It is known that changes in catchment runoff variability are a function of changes in climate as well as catchment behavior. For proper management of a certain watershed it is important to have a good understanding of the main causes of variability. Specifically, changes in extreme conditions of water resources are imperative as their consequences are far reaching. This paper attempts to identify the cause of hydrological extremes variability in the upper Blue Nile basin of Ethiopia. A method is proposed to utilize conceptual hydrological models to simulate long term (41 years) hydro-meteorological data and analyse the
outputs using the Quantile Perturbation Method (QPM) specially designed for investigation of the temporal variability of extreme values in time series over multi-annual to (multi-)decadal time scales. Two conceptual hydrological models were calibrated and evaluated for their performance to simulate extreme high flows and changes in these flows for corresponding changes in rainfall conditions. The temporal variability results show similar patterns for simulated and observed extreme flows. This indicates the major influence of climate variability in extreme flows as demonstrated by the rainfall input in the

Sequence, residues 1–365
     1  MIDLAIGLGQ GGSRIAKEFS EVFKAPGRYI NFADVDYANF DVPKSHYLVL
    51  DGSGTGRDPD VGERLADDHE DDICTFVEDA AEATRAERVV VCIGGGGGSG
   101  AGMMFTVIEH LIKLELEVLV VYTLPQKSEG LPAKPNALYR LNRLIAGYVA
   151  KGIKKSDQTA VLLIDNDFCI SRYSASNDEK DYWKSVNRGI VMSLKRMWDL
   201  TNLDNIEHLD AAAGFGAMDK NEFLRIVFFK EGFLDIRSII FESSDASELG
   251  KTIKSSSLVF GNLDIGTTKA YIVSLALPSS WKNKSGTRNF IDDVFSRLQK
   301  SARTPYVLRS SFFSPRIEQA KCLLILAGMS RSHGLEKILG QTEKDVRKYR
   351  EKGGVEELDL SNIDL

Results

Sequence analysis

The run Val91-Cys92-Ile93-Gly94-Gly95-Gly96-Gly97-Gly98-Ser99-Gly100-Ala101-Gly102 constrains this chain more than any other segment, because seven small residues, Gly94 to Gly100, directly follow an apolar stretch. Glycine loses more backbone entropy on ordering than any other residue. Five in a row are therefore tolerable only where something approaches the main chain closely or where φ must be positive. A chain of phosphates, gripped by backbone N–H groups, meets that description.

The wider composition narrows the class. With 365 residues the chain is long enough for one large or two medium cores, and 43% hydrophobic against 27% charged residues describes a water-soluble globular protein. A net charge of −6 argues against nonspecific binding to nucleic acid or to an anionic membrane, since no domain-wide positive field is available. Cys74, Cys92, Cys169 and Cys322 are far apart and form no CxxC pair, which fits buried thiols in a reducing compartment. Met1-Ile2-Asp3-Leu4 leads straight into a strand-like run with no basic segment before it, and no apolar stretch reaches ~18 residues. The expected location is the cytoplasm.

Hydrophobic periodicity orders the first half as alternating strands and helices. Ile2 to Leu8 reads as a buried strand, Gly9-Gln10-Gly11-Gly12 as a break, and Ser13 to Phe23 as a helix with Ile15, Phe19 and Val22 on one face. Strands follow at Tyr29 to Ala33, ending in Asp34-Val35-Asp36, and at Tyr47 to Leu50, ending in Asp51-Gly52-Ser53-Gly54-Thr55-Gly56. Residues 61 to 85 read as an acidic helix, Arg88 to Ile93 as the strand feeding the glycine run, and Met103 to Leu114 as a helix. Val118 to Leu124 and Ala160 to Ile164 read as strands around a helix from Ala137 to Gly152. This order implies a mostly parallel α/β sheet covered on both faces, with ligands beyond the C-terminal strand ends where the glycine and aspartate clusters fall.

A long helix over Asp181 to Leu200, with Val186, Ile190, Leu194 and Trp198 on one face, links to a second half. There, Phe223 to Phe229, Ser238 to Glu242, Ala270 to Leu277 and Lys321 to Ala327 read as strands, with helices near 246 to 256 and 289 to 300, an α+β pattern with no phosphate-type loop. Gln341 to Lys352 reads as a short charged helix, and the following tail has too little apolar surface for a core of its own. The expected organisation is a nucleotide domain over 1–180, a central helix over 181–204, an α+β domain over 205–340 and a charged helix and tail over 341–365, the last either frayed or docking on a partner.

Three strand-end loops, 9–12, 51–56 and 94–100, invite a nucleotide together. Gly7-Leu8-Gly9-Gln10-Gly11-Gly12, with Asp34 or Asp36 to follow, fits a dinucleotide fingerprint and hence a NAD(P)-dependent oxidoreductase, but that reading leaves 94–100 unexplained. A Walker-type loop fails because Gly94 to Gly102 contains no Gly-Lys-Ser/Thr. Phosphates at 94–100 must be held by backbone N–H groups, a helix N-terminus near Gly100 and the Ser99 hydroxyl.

models. There is no discernible change in the catchment response, e.g. quick runoff coefficient as a function of soil saturation state, between periods of the 1960–1970s, the 1980s and the 1990–2000s, which are attributed to land policy changes. This shows the influence of changes in catchment characteristics is minimal. (Multi-)decadal climate variability is identified as the main cause of temporal variation in hydrological extremes of the Blue Nile basin.